The ex-Liverpool boss discussed Manchester United losing not only Sir Alex Ferguson, but CEO David Gill also simultaneously.
It was torturous enough for the incoming team boss, David Moyes, but to be paired with a complete rookie in transfer negotiations. new Chief Executive, Ed Woodward was a cocktail for disaster.
The two created a recipe of failed, awkward, and at times embarrassing attempts to secure high profile signings the supporters and the club needed to avoid standing still.
David Gill was incredibly experienced with a notebook brimming with reliable football contacts, agents who could be trusted, and some not. Club chairman he had dealt with previously.
Sir Alex Ferguson would say to Gill, "That is the player I want you to sign," Gill would arrange the finances, the transfer fee, the length of contract and negotiate the players wages.
Taking over at a world wide icon as Manchester United is in a way a curse, following Sir Alex Ferguson a hiding to nothing. But losing an experienced knowledgeable Chief Executive at the same time was a step to far too quickly. That was not David Moyes' fault or his lack of foresight and planning.
Ex-Liverpool manager Dalglish was clear in his support of the 'under fire' United boss, "Moyes will be OK. There is no problem there. It's not as if he's being threatened with the sack. There is disappointment about their results but their standards have been set so high anybody would have been disappointed. I wouldn't be giving him any advice. I've not got a job and he has."
Kenny Dalglish being sensible and reasonable, I'm not one for the football manager's union and free masons, you scratch my back etc. But I can only wholeheartedly agree with Kenny Dalglish, Moyes was being set a nigh on impossible task with the loss of Gill.
However he must take his share of responsibility for the slashing of the experience in the backroom staff, Rene Meulensteen, Mike Phelan and Eric Steele, which while these moves display Mr Moyes is his own man, and he wanted to stamp his authority on the club. He should be aware the seeds you sow, you ultimately reap.
I believe this highly public fanfare of our intended transfer targets ultimately left Mr Moyes as an island surrounded by sharks baying for blood through the clubs public humiliation at being rejected time and time again. It was Moyes' blood that certain section's of the media fanned up to fuel their agenda, that he was not their choice in the first place.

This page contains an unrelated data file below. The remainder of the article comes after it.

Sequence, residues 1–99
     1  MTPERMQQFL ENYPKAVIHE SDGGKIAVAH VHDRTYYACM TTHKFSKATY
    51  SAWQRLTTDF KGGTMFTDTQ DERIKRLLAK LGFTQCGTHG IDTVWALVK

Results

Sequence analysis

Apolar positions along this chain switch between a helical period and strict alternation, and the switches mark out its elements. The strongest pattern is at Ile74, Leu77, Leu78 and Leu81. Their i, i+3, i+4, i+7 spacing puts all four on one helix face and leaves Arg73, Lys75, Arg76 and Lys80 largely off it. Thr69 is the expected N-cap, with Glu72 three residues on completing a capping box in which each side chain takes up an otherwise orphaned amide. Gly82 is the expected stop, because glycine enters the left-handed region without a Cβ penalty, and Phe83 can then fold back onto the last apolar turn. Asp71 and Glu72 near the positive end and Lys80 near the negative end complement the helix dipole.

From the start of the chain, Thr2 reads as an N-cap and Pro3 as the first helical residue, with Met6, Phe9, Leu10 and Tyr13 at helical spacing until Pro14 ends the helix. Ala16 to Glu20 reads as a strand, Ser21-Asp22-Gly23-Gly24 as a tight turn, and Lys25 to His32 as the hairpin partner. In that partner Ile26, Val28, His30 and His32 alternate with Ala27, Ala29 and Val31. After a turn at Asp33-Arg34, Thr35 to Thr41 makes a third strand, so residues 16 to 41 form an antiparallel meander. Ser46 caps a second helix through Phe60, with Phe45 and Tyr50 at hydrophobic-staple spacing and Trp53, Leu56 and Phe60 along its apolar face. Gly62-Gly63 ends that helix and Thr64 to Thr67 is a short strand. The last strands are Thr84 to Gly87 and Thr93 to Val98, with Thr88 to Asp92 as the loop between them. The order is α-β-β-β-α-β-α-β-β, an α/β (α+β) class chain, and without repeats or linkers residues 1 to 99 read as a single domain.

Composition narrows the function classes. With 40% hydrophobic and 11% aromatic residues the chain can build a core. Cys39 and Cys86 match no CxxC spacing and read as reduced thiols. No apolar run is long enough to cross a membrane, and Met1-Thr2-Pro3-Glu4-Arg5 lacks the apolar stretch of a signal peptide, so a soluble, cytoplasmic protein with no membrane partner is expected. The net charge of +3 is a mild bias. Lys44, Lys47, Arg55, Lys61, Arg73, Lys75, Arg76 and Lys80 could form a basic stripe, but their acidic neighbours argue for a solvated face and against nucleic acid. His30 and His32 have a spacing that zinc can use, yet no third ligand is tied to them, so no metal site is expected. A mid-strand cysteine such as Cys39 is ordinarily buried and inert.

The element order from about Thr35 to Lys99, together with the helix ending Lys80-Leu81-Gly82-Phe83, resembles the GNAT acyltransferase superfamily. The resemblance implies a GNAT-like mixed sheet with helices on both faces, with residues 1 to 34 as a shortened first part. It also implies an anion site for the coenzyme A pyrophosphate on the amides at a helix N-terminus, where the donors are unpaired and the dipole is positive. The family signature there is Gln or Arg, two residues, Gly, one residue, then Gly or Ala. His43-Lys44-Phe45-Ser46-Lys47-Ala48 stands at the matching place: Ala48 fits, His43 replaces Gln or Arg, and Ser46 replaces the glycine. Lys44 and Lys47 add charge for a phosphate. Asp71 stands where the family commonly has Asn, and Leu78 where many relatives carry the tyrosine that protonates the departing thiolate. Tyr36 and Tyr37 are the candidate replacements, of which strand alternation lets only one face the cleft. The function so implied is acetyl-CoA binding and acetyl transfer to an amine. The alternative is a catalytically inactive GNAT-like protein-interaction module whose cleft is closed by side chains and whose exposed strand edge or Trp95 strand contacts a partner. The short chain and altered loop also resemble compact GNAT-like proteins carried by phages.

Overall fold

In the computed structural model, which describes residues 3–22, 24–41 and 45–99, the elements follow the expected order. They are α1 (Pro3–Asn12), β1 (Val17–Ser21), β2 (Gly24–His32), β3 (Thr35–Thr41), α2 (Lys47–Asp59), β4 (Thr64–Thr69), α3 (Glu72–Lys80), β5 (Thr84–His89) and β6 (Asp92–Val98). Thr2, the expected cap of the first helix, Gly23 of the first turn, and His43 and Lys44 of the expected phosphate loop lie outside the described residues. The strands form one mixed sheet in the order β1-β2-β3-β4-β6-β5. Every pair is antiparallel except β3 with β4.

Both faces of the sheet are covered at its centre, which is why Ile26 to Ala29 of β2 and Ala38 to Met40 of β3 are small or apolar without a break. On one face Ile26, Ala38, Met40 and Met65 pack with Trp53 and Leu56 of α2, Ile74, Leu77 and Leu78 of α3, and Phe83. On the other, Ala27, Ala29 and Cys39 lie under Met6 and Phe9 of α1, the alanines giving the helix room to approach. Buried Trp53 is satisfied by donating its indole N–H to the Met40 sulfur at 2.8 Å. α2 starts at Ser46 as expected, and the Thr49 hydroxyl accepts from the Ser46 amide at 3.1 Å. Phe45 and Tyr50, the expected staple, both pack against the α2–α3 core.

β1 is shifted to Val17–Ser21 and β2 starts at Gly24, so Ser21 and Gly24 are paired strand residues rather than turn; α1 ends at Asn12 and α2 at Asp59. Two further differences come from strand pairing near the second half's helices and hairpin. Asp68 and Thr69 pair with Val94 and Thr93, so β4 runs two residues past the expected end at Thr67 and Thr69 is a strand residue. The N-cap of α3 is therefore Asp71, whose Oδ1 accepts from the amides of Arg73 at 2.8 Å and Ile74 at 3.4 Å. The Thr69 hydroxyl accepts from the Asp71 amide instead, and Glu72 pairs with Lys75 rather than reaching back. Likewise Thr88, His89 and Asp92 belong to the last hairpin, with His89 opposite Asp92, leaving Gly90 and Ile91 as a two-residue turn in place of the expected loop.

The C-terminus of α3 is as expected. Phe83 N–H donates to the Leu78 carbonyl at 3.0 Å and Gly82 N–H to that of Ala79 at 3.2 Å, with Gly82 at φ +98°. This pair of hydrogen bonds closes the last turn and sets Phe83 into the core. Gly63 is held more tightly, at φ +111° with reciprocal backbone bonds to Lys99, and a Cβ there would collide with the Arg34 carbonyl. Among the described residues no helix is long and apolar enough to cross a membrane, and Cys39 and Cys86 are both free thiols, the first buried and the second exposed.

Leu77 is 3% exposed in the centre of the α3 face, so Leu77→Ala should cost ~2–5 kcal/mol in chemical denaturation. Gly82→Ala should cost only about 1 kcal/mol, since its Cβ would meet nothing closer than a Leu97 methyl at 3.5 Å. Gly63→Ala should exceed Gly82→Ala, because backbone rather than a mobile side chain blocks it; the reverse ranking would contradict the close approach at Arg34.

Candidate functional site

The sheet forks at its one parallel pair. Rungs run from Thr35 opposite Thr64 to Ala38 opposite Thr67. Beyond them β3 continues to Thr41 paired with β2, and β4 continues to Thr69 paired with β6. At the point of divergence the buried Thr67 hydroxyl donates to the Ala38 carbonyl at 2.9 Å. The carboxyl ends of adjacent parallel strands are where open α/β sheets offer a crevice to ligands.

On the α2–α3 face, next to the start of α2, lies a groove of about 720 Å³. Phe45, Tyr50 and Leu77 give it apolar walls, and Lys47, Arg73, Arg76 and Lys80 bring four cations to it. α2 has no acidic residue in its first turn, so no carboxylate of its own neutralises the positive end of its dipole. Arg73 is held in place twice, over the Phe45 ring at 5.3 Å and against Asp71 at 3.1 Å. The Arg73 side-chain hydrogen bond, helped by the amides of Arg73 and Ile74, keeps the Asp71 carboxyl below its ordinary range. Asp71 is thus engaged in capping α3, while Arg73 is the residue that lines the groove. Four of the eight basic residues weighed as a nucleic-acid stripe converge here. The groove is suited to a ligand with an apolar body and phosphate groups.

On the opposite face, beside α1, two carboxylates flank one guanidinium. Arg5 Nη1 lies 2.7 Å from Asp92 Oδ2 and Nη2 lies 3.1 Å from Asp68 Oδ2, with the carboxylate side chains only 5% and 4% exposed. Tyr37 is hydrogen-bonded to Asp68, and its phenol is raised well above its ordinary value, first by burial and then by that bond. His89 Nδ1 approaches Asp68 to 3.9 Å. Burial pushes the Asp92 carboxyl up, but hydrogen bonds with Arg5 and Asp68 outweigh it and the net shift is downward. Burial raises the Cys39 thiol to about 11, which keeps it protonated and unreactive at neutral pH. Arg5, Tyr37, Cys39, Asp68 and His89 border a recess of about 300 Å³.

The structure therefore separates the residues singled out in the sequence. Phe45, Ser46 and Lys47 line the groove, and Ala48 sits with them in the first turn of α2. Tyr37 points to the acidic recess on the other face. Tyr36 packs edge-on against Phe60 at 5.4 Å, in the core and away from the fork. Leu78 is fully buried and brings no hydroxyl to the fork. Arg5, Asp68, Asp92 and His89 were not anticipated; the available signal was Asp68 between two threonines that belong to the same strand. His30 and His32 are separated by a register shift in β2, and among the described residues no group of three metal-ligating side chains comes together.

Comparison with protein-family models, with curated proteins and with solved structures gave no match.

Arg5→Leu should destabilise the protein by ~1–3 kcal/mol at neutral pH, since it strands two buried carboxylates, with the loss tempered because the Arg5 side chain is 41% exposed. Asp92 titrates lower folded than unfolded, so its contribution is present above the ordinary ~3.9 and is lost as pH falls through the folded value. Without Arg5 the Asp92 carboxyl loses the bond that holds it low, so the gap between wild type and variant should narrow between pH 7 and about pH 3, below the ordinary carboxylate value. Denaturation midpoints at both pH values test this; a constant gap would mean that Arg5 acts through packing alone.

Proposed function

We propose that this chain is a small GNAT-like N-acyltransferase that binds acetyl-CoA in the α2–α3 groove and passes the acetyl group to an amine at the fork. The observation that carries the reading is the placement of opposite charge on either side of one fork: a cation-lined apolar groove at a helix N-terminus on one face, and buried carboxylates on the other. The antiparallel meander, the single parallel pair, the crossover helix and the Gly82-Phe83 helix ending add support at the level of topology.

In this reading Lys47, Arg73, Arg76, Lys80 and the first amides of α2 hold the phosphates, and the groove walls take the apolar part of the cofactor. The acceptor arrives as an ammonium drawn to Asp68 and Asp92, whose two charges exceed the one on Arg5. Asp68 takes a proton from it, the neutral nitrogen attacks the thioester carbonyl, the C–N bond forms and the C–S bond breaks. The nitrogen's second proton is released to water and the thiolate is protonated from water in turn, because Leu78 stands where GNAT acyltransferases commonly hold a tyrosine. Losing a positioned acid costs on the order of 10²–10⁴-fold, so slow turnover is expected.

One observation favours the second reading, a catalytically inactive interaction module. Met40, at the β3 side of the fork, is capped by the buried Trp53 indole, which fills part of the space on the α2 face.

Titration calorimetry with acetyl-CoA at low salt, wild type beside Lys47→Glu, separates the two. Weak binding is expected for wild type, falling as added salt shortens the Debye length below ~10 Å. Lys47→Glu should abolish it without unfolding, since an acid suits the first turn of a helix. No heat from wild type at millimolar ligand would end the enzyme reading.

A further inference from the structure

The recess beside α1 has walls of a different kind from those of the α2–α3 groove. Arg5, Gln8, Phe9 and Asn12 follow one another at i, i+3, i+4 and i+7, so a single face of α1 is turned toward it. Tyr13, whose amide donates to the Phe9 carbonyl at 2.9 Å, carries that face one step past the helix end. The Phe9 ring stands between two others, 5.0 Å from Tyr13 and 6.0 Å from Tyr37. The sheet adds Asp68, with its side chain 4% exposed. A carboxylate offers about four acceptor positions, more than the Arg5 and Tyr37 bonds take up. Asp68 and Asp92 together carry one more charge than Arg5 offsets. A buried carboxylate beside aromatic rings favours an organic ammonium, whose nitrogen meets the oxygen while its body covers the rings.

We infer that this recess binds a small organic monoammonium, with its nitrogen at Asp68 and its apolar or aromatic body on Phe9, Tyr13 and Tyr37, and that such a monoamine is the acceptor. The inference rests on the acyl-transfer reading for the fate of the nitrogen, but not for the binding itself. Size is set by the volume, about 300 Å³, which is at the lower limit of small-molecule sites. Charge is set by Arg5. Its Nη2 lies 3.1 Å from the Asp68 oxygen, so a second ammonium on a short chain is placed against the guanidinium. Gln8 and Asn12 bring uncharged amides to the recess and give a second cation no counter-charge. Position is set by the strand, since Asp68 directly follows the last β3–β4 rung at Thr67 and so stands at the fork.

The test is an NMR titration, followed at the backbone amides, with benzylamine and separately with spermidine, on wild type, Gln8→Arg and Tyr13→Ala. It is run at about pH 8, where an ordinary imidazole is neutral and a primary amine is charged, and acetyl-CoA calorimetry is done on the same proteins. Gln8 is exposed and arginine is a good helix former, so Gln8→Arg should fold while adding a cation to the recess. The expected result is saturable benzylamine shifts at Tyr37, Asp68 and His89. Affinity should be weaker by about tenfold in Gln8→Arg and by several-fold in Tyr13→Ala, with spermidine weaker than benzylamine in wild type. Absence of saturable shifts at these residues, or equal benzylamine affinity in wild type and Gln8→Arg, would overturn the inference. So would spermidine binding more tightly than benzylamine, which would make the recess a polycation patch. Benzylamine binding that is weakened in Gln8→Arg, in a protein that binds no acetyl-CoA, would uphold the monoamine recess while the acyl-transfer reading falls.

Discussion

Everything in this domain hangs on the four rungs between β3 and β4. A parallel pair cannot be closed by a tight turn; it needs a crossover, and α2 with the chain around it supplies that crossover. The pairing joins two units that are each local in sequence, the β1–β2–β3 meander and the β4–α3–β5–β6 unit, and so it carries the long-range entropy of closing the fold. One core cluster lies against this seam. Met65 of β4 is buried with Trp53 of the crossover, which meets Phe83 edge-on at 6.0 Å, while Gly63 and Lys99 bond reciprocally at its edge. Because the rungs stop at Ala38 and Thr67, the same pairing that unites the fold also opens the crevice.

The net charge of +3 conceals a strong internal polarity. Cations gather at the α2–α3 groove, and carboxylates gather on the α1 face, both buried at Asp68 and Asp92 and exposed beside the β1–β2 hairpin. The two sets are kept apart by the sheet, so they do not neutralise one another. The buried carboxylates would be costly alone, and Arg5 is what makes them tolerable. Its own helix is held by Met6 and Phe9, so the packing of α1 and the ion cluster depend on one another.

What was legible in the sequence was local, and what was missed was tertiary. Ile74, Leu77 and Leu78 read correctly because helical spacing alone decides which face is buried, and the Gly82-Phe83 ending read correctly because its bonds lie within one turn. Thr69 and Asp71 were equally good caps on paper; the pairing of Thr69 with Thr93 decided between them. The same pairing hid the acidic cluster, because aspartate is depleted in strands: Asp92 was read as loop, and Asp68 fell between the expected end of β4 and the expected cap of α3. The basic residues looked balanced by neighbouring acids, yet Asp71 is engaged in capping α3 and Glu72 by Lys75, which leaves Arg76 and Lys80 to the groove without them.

Sadly David Moyes through lack of political acumen and how to utilize the media, to his own advantage as his iconic predecessor had mastered, loaded the gun, took aim and shot himself in the foot.
As Sir Alex Ferguson noted and it's worth revisiting, he asked the fans to stick with David Moyes through thick and thin, that's the job of the fans. No deviation, questioning yes, but not asking for the manager to be sacked after less than three months into a 6 year contract. Folly, to even consider that route, it would Manchester United look weak, for one or two mutinous scurrilous bounty hunters to be validated in having the manager dismissed after a miniscule amount of time to shape the club in Mr Moyes' vision.
It's worth noting the boss is now keeping fans all-onside in referencing that the club's January signings will be players "that are capable of walking straight into the first team."
I felt United last signed a first team player in January was 2010, Anders Lindegaard, prior to that on a permanent basis, Nemanja Vidic and Patrice Evra in January 2006.
Possibly Mr Moyes has learnt something along with Ed Woodward, football is a poker game, keep your cards close to your chest, keep your friends close, but your enemies even closer.
Would a convincing run take the heat off David Moyes with five winnable games now on the horizon?
What did you think of Kenny Dalglish's views, do you believe the hyperbole already kicking into gear about Manchester United's - January window signings?
image: © dannymol